Iwaniec, Sapir, & Weizman, 2003; McNally, Palfai, Levine, & Moore, 2003; Thorberg & Lyvers, 2006; Vungkhanching, Sher, Jackson, & Parra, 2004).

Negative mood regulation (NMR) expectancies are beliefs regarding a person’s ability to terminate or alleviate a negative mood state (Catanzaro & Mearns, 1990). High NMR presumably  reflects the ability to cope successfully with bad moods, whereas low NMR may lead to maladaptive or less efficacious ways of coping (Kassel, Bornovalova, & Mehta, 2007). Evidence suggests that low NMR expectancies predict avoidant coping, problem drinking (Catanzaro & Greenwood, 1994; Catanzaro & Laurent, 2004; Davis, Andresen, Trosko, Massman, & Lovejoy, 2005; Flett, Blankstein, & Obertynski, 1996).

Individuals with insecure attachment orientations report less confidence in their ability to regulate moods compared to secure individuals (Creasey,
Kershaw, & Boston, 1999). Creasy and Ladd (2004) also found that the relationship between NMR and the ability to resolve conflict with a partner was mediated by attachment,  highlighting the importance of attachment as a mechanism of the ability to cope with negative feelings and resolve conflict in close relationships.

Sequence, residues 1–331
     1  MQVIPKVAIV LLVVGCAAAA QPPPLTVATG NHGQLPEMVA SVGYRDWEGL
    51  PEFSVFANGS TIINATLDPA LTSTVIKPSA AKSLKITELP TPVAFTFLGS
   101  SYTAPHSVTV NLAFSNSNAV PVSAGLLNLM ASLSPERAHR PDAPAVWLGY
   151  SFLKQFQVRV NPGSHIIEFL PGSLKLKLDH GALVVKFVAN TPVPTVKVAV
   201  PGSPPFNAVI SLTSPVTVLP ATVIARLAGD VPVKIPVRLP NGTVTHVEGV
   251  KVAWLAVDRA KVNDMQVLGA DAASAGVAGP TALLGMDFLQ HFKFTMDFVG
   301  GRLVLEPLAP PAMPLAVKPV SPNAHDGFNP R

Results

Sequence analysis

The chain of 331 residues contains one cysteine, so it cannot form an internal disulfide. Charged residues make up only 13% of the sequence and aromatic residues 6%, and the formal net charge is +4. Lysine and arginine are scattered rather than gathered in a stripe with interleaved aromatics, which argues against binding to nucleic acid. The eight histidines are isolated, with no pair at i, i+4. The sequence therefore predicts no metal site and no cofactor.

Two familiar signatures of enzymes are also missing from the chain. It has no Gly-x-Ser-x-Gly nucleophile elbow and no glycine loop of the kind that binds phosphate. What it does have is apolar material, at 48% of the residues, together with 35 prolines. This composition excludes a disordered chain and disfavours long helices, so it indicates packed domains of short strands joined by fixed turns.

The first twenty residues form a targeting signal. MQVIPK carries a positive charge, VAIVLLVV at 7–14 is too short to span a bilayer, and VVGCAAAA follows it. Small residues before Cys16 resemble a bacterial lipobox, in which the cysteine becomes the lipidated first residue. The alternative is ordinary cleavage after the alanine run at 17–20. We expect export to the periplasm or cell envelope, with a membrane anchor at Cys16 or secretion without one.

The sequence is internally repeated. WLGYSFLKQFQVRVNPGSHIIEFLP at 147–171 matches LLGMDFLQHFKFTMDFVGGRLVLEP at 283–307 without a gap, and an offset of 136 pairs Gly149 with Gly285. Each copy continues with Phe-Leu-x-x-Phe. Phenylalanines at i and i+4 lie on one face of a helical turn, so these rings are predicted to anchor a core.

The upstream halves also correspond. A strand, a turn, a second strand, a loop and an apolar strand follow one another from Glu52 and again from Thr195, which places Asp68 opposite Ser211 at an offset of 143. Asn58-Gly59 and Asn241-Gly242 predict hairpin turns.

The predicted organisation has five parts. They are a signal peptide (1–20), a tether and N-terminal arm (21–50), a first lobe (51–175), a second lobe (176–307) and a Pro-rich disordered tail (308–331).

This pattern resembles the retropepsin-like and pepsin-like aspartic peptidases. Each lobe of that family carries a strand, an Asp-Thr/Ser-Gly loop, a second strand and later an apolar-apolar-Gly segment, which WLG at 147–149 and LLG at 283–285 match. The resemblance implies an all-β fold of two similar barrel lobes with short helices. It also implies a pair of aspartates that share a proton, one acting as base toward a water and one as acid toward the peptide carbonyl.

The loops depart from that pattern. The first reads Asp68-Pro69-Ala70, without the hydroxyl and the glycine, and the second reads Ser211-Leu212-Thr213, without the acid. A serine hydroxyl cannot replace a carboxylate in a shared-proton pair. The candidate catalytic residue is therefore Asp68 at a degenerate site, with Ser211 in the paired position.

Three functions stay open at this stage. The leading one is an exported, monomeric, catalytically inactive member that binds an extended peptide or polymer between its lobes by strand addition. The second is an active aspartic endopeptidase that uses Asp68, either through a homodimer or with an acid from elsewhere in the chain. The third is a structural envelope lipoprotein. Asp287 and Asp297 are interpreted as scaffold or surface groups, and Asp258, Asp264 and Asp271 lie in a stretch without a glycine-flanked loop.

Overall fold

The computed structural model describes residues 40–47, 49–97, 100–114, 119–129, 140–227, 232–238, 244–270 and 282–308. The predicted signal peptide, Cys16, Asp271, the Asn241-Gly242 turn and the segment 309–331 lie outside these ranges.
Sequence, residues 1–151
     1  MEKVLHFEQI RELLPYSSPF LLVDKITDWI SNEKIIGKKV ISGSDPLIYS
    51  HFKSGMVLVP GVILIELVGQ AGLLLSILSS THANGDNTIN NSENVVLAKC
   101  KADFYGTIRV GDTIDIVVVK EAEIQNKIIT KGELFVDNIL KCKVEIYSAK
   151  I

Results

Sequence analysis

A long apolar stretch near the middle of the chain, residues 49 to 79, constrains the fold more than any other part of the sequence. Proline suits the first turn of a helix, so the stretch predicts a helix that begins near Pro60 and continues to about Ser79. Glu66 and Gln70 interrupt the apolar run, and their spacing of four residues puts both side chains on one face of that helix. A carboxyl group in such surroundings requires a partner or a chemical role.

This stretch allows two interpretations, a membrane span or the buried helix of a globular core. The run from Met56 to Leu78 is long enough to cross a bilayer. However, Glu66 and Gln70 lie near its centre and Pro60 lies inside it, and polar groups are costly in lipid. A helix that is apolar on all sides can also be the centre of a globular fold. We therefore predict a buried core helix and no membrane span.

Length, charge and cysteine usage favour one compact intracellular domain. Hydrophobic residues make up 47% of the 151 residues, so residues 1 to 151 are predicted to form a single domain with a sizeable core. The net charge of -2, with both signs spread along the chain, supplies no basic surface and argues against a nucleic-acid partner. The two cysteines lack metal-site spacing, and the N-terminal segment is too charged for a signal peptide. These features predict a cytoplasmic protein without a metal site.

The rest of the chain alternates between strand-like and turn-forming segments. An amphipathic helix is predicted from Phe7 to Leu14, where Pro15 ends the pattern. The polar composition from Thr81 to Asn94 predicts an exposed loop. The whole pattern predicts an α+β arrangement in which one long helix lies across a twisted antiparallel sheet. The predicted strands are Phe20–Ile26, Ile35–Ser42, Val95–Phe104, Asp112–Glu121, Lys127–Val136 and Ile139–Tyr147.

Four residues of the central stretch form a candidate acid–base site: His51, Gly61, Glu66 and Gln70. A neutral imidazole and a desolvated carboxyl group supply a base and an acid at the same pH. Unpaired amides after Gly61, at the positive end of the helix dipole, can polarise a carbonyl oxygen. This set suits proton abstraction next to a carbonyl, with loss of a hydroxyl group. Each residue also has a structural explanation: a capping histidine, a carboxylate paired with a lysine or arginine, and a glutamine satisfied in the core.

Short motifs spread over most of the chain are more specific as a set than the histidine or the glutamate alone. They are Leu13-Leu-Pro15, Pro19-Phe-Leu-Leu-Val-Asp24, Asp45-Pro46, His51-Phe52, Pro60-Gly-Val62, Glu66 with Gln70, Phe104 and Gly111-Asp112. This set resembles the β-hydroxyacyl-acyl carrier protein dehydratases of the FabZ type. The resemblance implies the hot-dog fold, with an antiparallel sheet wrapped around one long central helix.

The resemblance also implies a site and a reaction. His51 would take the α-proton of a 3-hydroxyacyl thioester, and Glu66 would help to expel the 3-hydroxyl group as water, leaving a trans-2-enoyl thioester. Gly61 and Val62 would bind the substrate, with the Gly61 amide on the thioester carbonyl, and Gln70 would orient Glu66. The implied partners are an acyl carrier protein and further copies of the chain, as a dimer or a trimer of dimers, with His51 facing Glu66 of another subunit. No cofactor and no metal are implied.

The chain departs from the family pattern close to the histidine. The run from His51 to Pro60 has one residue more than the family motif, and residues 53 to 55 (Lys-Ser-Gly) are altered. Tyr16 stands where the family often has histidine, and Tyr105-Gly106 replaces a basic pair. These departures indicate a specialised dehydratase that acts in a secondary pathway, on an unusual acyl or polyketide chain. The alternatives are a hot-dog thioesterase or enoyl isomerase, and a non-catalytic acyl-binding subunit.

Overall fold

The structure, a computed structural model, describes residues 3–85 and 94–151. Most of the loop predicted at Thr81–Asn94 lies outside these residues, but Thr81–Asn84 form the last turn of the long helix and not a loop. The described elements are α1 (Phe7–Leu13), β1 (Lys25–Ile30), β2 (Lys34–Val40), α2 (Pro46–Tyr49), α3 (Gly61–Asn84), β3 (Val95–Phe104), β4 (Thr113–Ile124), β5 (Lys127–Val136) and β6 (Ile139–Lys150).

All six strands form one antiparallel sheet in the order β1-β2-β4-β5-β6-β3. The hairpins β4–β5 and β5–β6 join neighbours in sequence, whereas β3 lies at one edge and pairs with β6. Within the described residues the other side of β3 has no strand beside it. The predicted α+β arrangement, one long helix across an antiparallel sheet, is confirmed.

Interestingly, a study by Moller et al. (2002) found that individuals with “earned attachment security”, described as the ability to maintain high levels of interpersonal functioning in spite of growing up in a problematic childhood environment.

Some have also argued that fear of intimacy (FIS) is associated with mental health issues and substance use problems (Descutner & Thelen, 1991).  Descutner and Thelen defined FIS as “the inhibited capacity of an individual, because of anxiety, to exchange thoughts and feelings of personal significance with another individual who is highly valued” (p.219). FIS research to date
has largely reported significant associations with loneliness, lack of self-disclosure, low social interaction and poor relationship quality (Descutner & Thelen, 1991; Doi & Thelen, 1993).

Differentiation of self is defined as the degree to which an individual is able to balance emotional and intellectual functioning, intimacy and autonomy in relationships (Bowen, 1976, 1978).  Individuals with lower self-differentiation experience higher levels of chronic anxiety, emotion regulation difficulties, mood disturbances and substance abuse.